16 Delicious Vegan Ways to Use Nutritional Yeast

There’s something that just doesn’t sit right about “nutritional yeast.” Vegans have attempted to reclaim the words by giving it a nickname—nooch—but somehow that sounds off-center as well. 

At VegNews, we call it magic dust (so do three-year-olds, but sometimes kids know what they’re talking about). If you’re new to nooch, don’t be put off by the name. Its powers and uses are infinite—you can turn boring veggies into cheesy snacks, make a velvety cheese sauce for pasta, and make a thick creamy cheesy soup, all with a can of nooch in hand. Here are 16 ways to use nutritional yeast—the most wonderful food with the worst-sounding name. 

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What is nutritional yeast?

For the sake of all your future baked goods, do not confuse nutritional yeast with baker’s yeast. Nutritional yeast is not a leavening agent, and it cannot be used as a substitute for baker’s yeast. 

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Nooch and traditional yeast are derived from the same source, however. Each starts with living saccharomyces cerevisiae yeast which is fed a carbohydrate in order to ferment in a vat. Nutritional yeast undergoes further processing. It is heated, pasteurized, and dried, effectively killing any active ingredient. It’s then pressed into flakes and packaged, ready for use. 

When searching for nutritional yeast at the store, look for a bag or jar containing yellow flakes. Excuse the comparison, but these flakes look very similar to fish food. Thankfully, the similarities stop there. Nooch has a mild, slightly parmesan-esque smell and a pleasing, umami taste. But please, don’t feed it to your fish. 

What are the benefits of nutritional yeast?

Nooch may not be an exotic berry sourced from the Amazon, but its nutritional profile undeniably qualifies it as a superfood. It’s one of the very few vegan sources of vitamin B12, though technically, it’s fortified and does not naturally contain this nutrient. Nutritional yeast is also considered a complete protein, just like animal-based protein.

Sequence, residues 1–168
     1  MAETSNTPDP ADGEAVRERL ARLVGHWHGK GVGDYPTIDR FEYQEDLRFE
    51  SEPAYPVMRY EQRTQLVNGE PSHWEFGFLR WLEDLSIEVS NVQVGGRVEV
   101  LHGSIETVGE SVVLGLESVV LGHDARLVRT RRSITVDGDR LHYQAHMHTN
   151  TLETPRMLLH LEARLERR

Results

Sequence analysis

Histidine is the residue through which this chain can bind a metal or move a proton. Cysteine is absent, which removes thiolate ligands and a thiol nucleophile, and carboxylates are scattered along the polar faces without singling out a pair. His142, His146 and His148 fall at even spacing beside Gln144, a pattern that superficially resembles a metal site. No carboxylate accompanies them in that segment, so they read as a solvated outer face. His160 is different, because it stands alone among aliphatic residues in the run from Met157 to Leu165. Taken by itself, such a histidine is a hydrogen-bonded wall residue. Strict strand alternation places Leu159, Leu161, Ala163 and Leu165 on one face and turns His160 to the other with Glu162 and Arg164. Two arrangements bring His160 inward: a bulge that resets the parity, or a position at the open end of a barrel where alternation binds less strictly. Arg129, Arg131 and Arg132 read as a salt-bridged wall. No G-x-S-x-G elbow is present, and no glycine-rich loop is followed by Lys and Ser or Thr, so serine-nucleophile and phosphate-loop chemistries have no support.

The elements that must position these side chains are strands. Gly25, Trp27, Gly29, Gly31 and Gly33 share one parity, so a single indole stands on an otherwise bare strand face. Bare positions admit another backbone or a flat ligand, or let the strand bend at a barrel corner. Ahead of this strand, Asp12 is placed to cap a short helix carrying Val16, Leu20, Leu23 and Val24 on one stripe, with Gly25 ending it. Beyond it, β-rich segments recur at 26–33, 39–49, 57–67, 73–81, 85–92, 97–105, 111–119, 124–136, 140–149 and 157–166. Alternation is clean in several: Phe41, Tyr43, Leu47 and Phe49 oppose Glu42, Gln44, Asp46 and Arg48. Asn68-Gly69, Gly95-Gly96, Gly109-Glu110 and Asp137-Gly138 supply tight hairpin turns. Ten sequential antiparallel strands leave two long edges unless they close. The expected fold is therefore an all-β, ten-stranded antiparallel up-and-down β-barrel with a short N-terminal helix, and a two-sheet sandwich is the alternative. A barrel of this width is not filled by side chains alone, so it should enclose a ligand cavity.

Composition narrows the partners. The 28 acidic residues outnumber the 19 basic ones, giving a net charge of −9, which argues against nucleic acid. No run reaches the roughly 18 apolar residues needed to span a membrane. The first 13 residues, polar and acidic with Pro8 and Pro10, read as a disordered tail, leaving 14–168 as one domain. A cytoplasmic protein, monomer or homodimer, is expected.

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A single two-tablespoon serving contains 30 calories, a negligible quarter gram of fat, 2.5 grams of fiber, four grams of protein, and over 100 percent of the daily recommended thiamin, riboflavin, niacin, folate, and vitamins B6 and B12. 

Nooch is a nutritional powerhouse—Bob’s Red Mill even describes it as a “vegetarian dietary supplement”—though we just think of it as a delicious and affordable condiment. If you’re looking to get more protein in your diet without increasing fat or calories, adding a few tablespoons of nooch to your meals is an effective way to do so. 

What does nutritional yeast taste like?

Nutritional yeast has a cheesy, slightly nutty, and overall savory umami taste. It’s not overpowering like some umami flavor bombs; think of it like parmesan. The flavor is very distinct and you know it’s there, but you don’t necessarily have to go light with it as you would with, let’s say, truffle oil or vegan fish sauce. 

Nutritional yeast is a powerful complementary ingredient that plays well in a number of applications. It can impart a cheesy but not overwhelmingly cheddar flavor to tofu ricotta, or it can add subtle depth and complexity to a vegan cheesecake. When used in a multi-component recipe, nooch adds that je ne sais quoi element that keeps your taste buds engaged and thoroughly delighted. 

16 vegan ways to use nutritional yeast

VegNews.BuffaloCauliflowerMacRobin Robertson

1 Cheese sauce

There are literally thousands of vegan mac and cheese recipes online and in cookbooks, but the one unifying ingredient is nutritional yeast. It adds both color and cheesy flavor to this staple sauce, and while you can mix it up with other ingredients such as cashews, tofu, potatoes, and spices, the nooch is non-negotiable.
Try it in a recipe: Spicy Vegan Buffalo Cauliflower Mac and Cheese 

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2 Vegan omelets and frittatas

What is a frittata if not an open-faced omelet? No matter what you call it, it needs some nooch. Typically made with tofu or chickpea flour, nutritional yeast adds a more prominent yellow color as well as an umami flavor to this vegan egg batter. Once cooked to a perfectly fluffy consistency with just the right amount of browned edges, top your omelet with more nooch.
Try it in a recipe: Vegan Fresh Herb and Fennel Chickpea Frittata

VegNews.TofuBennywithHollandaiseLauren Toyota

3 Hollandaise

Egg-based hollandaise sauce can be tricky to master—one has to get the emulsification just right or the sauce will “break” and become an unsalvageable curdled mess. Fortunately, this isn’t an issue with the vegan version. Even an inexperienced home cook can blend up a few ingredients and whisk over a stove until the mixture thickens. Serve it over a tofu-topped English muffin for a scrumptious vegan Benedict or go basic and dip toast into this silky smooth sauce.
Try it in a recipe: Vegan Tofu Benedict With Hollandaise